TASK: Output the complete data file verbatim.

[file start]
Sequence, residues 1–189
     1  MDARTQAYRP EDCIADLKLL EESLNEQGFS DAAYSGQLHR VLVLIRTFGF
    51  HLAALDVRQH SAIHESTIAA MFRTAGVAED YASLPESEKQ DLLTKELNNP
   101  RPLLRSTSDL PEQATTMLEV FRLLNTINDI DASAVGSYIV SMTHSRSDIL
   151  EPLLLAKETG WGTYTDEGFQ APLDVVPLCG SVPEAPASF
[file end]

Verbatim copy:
Sequence, residues 1–189
     1  MDARTQAYRP EDCIADLKLL EESLNEQGFS DAAYSGQLHR VLVLIRTFGF
    51  HLAALDVRQH SAIHESTIAA MFRTAGVAED YASLPESEKQ DLLTKELNNP
   101  RPLLRSTSDL PEQATTMLEV FRLLNTINDI DASAVGSYIV SMTHSRSDIL
   151  EPLLLAKETG WGTYTDEGFQ APLDVVPLCG SVPEAPASF